Also known as Japanese Holly-fern, Native to Eastern Asia, and escaped cultivation in much of Europe, North America, the Atlantic Islands, Australia, New Zealand, and South America. That’s the kind of thing that can happen when you have a hardy, frost-tolerant ornamental that can also survive as a houseplant.
In the wild it thrives in crevices in coastal cliffs, stream banks, rocky slopes, and other moist, stable areas. In this case, on my last visit back to Sydney, i found at the bottom of rocky outcrops near the shore at Bare Island.
Found among the rocky outcrops in the cliffs overlooking Bare Island, Botany Bay, Sydney. It’s entirely likely that Sir Joseph Banks and his fellow botanical lunatics would have noticed this species as they ransacked the place, but it first appeared in scientific literature in the year 1810, in the Prodromus Florae Novae Hollandiae, published by the prolific Scottish botanist, Robert Brown.
Its habitat is cracks in rocky headlands beside the sea. Check. Its found in eastern Australia and Norfolk Island. Check. Its fronds are thick and waxy to protect it from sea spray. Check again. The specific epithet difforme refers to the irregular shape of the fronds.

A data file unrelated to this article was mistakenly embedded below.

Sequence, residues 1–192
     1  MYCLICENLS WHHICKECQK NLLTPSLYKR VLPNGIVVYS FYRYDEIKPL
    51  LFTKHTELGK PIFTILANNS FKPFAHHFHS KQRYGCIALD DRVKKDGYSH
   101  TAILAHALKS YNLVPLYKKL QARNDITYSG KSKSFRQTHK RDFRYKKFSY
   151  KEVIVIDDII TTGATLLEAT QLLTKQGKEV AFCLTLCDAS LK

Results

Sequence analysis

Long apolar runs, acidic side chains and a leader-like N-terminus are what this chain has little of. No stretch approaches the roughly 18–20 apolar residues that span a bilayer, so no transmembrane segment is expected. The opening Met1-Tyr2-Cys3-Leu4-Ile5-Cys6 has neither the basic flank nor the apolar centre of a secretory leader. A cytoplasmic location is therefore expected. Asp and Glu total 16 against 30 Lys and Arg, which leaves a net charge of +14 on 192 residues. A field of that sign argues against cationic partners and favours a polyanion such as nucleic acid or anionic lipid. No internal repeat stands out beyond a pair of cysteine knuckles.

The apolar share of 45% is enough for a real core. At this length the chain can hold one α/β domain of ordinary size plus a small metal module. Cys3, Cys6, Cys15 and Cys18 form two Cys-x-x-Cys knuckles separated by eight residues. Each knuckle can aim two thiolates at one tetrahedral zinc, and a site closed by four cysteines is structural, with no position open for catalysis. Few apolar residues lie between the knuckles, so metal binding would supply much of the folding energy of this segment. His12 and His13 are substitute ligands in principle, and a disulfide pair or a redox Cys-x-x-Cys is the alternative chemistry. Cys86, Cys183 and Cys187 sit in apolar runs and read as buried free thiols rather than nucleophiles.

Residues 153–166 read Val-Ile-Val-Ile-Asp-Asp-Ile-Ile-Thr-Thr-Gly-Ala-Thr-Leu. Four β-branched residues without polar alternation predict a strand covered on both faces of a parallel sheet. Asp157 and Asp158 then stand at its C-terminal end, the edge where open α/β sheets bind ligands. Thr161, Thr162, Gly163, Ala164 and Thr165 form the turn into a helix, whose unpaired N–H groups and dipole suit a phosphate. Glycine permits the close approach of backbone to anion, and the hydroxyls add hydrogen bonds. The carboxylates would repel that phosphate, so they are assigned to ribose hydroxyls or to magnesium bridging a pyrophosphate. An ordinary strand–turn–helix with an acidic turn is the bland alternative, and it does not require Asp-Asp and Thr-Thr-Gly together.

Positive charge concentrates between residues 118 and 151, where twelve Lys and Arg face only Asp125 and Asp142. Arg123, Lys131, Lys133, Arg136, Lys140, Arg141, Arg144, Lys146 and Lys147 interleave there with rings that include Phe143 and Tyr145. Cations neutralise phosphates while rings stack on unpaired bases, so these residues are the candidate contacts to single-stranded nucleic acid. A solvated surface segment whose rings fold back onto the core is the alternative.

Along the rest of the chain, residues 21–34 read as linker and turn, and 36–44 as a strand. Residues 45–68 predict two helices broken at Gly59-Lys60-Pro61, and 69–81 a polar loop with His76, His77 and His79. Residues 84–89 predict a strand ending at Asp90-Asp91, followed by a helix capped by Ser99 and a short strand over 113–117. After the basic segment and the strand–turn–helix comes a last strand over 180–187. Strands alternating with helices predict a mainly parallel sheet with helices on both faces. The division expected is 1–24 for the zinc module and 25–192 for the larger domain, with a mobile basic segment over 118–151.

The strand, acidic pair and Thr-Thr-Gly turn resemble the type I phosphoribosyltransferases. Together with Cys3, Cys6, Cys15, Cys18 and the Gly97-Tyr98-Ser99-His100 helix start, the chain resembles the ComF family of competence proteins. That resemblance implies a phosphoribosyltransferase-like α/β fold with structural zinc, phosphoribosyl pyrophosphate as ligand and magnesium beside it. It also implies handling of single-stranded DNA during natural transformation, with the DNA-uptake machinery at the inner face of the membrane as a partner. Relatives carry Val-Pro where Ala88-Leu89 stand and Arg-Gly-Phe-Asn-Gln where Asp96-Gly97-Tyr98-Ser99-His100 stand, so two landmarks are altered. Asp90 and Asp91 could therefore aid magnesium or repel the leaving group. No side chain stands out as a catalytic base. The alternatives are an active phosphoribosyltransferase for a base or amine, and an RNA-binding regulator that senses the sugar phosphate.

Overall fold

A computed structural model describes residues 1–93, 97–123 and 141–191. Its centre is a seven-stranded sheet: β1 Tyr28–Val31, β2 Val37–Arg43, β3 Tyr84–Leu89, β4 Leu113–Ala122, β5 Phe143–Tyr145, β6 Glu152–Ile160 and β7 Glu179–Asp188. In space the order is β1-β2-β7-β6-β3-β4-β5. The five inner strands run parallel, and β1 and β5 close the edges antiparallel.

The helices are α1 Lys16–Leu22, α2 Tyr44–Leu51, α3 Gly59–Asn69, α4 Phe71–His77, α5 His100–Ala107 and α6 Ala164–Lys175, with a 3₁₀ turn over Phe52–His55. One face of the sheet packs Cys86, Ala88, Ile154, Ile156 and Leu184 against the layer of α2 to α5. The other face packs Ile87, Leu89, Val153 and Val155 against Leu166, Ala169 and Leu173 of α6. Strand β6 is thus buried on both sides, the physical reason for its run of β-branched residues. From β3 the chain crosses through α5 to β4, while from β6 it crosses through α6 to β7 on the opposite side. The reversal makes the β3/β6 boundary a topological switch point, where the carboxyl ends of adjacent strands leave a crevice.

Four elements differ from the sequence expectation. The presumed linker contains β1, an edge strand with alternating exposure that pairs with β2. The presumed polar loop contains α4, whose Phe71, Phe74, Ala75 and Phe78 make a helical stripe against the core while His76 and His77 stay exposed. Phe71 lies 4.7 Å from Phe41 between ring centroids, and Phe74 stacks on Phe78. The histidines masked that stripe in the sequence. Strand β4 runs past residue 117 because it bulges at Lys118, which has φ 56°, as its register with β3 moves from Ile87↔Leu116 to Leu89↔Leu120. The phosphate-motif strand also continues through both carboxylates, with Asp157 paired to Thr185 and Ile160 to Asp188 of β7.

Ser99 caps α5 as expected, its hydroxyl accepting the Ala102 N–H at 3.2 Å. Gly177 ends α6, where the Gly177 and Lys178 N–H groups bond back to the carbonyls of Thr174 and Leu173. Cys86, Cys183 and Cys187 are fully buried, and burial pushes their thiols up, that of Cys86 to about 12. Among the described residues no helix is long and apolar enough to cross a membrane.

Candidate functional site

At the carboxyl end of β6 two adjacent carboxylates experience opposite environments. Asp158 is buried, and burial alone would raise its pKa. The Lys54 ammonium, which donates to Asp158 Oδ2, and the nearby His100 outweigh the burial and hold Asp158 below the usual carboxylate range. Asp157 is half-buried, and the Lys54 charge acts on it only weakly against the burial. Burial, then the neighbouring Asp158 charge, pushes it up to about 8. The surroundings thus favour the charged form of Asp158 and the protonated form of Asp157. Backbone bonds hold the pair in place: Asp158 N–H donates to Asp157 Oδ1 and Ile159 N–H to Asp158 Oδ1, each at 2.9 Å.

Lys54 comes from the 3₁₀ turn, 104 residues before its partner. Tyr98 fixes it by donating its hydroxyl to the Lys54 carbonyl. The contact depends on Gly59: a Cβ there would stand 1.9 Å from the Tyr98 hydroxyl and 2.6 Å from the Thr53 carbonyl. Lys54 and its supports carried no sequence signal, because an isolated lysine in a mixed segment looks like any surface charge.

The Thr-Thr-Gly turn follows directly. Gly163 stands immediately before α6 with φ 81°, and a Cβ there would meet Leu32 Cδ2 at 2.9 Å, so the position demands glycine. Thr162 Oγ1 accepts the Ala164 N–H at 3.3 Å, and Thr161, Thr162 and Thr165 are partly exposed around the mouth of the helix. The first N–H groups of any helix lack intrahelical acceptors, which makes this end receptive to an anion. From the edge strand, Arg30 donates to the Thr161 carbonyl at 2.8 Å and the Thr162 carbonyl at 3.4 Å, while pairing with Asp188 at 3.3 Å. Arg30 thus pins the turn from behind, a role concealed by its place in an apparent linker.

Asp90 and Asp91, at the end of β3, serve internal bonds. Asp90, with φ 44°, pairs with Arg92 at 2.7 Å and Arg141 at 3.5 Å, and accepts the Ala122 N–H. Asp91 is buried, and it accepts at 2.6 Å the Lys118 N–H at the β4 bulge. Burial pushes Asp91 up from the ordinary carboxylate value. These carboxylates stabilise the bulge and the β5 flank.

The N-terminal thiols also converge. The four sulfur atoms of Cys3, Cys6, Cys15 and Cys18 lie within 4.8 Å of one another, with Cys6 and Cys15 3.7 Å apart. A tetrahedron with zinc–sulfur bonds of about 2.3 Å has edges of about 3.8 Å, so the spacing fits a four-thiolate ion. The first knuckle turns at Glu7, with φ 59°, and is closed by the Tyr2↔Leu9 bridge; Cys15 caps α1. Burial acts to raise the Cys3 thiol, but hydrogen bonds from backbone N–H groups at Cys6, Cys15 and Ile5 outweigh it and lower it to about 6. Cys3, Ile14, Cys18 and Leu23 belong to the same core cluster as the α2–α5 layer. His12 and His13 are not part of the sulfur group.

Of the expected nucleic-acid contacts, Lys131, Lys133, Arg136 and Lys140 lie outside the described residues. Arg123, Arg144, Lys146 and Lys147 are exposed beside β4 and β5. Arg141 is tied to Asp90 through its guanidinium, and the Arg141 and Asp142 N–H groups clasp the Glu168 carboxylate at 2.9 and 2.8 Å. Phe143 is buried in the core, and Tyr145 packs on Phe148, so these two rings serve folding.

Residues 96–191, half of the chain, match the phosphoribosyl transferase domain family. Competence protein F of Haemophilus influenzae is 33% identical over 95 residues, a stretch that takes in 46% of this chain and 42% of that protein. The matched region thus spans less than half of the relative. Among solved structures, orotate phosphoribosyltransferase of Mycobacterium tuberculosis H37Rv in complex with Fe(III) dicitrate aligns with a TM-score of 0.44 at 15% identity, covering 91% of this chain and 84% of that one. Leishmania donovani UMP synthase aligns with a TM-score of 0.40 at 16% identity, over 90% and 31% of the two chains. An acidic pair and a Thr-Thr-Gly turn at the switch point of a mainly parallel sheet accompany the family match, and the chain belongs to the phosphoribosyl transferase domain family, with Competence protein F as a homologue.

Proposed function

Spleenworts earned their common name via the Doctrine of Signatures, a once widespread belief that the medical applications of a plant were determined by shape. Hence other plant names, like liverwort. In the case of these ferns, the sori, or sporing structures under the fronds, are shaped like spleens.
The spleenworts are also famous for their genetics, which can be most easily described as unrestrained bullshit. Even the chloroplast genome has evolved in complex and highly unusual ways that make a laughing stock of traditional cladistic methods, and even very sophisticated computational phylogenetics yield little information on the relationships between species. In addition to hybridization running rampant in parts of this genus, some species like the mother spleenwort mainly reproduce asexually, and while most species are diploid or tetraploid, some like A. shuttleworthianum are octoploid.